[16] They were uncooperative and protested that he was disturbing them as they were looking for Johannes Nguti who stole their items from their work place. They insisted that plaintiff was the person who appeared on the Pharmacy’s CCTV footage. In fact he stated that they become rowdy and one of them even hailed insults at him.

[17] They demanded that plaintiff shows them his motor vehicle which was parked at his residence. Despite all the evidence against their allegations, they were adamant that plaintiff was a thief.

[18] It was his further evidence that he advised them to send the footage to him in order to see whether it was indeed plaintiff who appeared therein. He exchanged telephone numbers with them, but, none of them contacted him.

Kayevrou Mbaroro

[19] The next witness was Kayevrou Mbaroro whose evidence was that she is employed at Kunene Pharmacy and at the time she was working with second defendant. They had experienced a lot of thefts of bottles of Bio-Oil lotion. The pharmacy is equipped with CCTV cameras. On this fateful day they again experienced a similar theft. She together with other employees viewed the CCTV footage. In that footage one of the cleaners advised them that the man they saw on the CCTV was known to her and she knew where he was employed at a construction site at Omakange. At that juncture that she believed that the thief had been identified by one of the employees. As a result of this development, she together with her colleague Kalista Nakongo and two Security Guards left for Omakange in search of the thief whom they believed was the plaintiff.

[20] Upon arrival, they went to his manager’s office, one Victor and told him what their mission was. The cleaner had advised them that the alleged thief was the owner and driver of a white Land Cruiser which plaintiff also happened to have.

[21] They were taken to a place where all employees alighted from their buses. It was further her evidence that they realised that the person they were looking for was not in the bus and that when plaintiff arrived they noticed that he was not the same person, they were looking for. Some confrontation took place though between her team and plaintiff, but, they advised plaintiff that he was not the person they were after.

[22] It was further her evidence that, plaintiff did not take kindly to that development as he was of the opinion that he was being accused of theft.

[23] It was also her evidence that they went back to their employer where the whole issue was reviewed and they concluded that, plaintiff was not the person they had seen on the CCTV footage. They, in fact, had offered an apology, but, however, plaintiff did not accept it as he followed them to Opuwo the following day where a further discussion was held and now included the police.

[24] It was further her evidence that the police also advised plaintiff to accept the apology, but, he was not prepared to listen to such advise as he wanted them to be punished for lying against him.

Karista Nekongo

[25] The next witness was Kalista Nekongo. Her evidence was that at the relevant period, she was employed by Kunene pharmacy. Her evidence corroborated that of Ms Mbaroro in a material and relevant manner. In brief, she stated that there were numerous thefts on her work place. While they were watching CCTV footage, one of the cleaners advised them that she knew the person appearing on the CCTV footage. It was also her testimony that they apologised upon realising that an error with regards to the identity of the thief was made.

Peter Shilumbu

[26] Peter Shilumbu, a Security Guard who used to work at Falcon Security also gave evidence. His evidence is largely similar and corroborative of Ms Mbaroro.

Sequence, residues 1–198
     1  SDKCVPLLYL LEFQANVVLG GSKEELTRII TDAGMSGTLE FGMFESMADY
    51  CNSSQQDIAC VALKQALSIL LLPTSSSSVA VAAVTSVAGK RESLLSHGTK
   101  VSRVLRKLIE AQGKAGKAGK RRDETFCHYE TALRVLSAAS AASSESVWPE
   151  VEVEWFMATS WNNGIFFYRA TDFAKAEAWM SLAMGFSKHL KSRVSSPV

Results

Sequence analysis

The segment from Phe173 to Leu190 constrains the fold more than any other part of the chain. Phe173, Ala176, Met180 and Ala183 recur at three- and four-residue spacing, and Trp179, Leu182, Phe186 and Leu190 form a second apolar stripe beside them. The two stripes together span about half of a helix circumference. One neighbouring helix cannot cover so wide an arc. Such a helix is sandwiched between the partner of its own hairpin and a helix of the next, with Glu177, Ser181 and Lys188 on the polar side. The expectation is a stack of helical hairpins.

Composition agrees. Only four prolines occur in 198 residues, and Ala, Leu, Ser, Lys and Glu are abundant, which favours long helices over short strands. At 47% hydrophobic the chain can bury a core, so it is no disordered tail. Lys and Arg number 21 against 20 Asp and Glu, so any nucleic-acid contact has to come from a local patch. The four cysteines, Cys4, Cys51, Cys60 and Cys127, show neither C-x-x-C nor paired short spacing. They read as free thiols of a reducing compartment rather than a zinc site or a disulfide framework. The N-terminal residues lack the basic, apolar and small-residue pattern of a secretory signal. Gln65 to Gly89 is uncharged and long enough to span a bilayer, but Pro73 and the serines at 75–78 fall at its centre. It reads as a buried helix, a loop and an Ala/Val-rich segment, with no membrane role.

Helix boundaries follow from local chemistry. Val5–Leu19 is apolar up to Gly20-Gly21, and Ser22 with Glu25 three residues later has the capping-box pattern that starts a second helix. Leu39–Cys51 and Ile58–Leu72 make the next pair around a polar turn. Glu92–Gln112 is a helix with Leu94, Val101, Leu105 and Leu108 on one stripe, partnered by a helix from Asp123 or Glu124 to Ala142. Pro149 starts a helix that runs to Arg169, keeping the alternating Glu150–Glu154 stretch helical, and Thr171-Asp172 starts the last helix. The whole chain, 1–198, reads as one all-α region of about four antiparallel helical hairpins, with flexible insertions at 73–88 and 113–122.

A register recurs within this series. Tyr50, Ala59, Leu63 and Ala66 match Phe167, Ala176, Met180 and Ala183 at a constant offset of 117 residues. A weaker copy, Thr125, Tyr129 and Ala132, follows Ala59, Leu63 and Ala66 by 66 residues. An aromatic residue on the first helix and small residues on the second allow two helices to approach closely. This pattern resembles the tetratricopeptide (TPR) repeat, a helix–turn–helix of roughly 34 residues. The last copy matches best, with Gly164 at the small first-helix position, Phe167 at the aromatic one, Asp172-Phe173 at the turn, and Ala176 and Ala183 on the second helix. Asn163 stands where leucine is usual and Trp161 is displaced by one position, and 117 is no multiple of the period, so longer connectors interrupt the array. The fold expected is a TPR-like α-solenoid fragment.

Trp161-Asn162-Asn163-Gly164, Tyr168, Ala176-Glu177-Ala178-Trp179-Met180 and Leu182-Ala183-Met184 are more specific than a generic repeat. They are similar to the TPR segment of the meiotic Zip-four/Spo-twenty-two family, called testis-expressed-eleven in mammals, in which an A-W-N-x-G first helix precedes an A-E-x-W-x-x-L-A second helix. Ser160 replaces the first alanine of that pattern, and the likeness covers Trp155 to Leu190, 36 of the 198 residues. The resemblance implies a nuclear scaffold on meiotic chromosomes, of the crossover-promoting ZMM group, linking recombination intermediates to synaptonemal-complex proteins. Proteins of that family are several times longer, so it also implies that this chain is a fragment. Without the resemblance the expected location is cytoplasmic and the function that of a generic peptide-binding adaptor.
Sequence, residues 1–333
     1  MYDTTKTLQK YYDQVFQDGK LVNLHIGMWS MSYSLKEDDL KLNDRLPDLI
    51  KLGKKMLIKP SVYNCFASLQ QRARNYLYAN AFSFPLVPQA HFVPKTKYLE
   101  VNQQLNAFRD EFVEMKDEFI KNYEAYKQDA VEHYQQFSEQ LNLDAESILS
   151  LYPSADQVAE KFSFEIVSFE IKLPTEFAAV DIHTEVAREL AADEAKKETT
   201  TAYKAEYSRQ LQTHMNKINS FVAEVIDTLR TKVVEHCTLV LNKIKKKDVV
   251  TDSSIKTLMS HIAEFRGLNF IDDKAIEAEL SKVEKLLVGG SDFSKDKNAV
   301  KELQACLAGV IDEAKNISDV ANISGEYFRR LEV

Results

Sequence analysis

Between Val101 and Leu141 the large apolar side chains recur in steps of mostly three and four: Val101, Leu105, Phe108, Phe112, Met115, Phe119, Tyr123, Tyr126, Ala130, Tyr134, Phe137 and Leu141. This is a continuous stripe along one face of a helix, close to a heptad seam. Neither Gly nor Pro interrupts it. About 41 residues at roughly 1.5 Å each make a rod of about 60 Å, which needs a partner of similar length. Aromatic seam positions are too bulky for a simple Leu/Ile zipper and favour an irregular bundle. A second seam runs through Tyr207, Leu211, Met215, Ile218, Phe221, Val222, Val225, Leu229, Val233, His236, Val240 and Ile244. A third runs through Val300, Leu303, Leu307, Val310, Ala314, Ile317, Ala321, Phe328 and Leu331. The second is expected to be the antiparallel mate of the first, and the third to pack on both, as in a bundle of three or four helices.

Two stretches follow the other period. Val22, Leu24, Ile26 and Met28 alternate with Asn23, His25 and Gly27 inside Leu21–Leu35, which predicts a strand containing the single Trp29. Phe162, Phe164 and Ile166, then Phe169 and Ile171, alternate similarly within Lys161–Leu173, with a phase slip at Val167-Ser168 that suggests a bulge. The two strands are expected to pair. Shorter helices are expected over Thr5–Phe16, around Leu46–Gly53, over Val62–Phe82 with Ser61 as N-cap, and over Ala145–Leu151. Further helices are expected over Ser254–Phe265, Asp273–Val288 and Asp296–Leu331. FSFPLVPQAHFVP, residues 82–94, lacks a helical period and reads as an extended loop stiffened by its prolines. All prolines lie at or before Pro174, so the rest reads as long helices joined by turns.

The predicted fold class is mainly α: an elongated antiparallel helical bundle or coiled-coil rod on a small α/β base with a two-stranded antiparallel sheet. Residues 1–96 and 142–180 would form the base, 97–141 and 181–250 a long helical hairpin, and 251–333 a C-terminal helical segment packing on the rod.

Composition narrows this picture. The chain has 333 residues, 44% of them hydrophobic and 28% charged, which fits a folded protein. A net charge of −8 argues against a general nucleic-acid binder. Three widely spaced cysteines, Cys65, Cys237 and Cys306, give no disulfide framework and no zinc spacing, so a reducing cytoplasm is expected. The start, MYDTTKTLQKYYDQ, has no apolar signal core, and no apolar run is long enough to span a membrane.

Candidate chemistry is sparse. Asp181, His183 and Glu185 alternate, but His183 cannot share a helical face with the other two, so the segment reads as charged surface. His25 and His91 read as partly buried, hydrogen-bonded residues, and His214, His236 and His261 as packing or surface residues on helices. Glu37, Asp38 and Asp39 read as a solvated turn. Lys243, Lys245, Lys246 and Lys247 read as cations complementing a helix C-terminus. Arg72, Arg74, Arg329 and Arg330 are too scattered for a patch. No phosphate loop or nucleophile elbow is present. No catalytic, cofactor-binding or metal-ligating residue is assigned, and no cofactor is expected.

Johannes Hedimbi

[27] Johannes Hedimbi also gave evidence. He was also employed as a Security Guard together with Peter Shilumbu and was in a supervisory position in the Cash-In-Transit section. He joined his colleague Peter Shilumbu during the investigation of this matter and after their investigations they established that plaintiff was not responsible for the theft at Kunene Pharmacy and apologised to him, but, plaintiff has not prepared to accept the apology as he argued that he had been defamed and wanted first and second defendants to be punished.

Sonja De Beer

[28] The last witness was Sonja De Beer. She is a candidate attorney at W Horn Attorneys Legal Practitioners and her evidence was not to do with the substantial matter, but, that of the conduct of the proceedings. It was her evidence that during the proceedings she was sitting at the gallery and she observed that plaintiff was communicating with the witness who was giving evidence. She said that he was either nodding or shacking his head in response to the answers being given. She stated that this was the case whenever, a question relating to identify was being asked. In fact her evidence was that, some witnesses were being directed to answer questions in a particular manner. This was denied by plaintiff. This evidence does not take us very far as it was her word against that of plaintiff. Her evidence does not in anyway sway me to believe that plaintiff did that to an extent of influencing the witness at the time.

Hendrik Marius Anthonissen

[29] The last witness was Hendrik Marius Anthonissen. He is the owner of Kunene Pharmacy. It was his evidence. That he received a report of what had happened. Plaintiff and second defendant came to see him and the issue was discussed and second defendant apologised to plaintiff, but, plaintiff was not prepared to accept the apology. He went further and stated that he was prepared to pay plaintiff for what had happened.

Analysis of evidence

[30] Plaintiff gave evidence very well in the manner he understood the matter. It is not in doubt that a series of thefts were taking place at Kunene Pharmacy. These thefts caused employees headaches which resulted in them viewing the CCTV footage together with their employer in order to identify the thief. A cleaner identified the thief and the identity led to plaintiff’s harassment by first and second defendants. This also took place before his colleagues. This issue caused him some discomfort and some embarrassment in that he was being accused of theft. (own underling)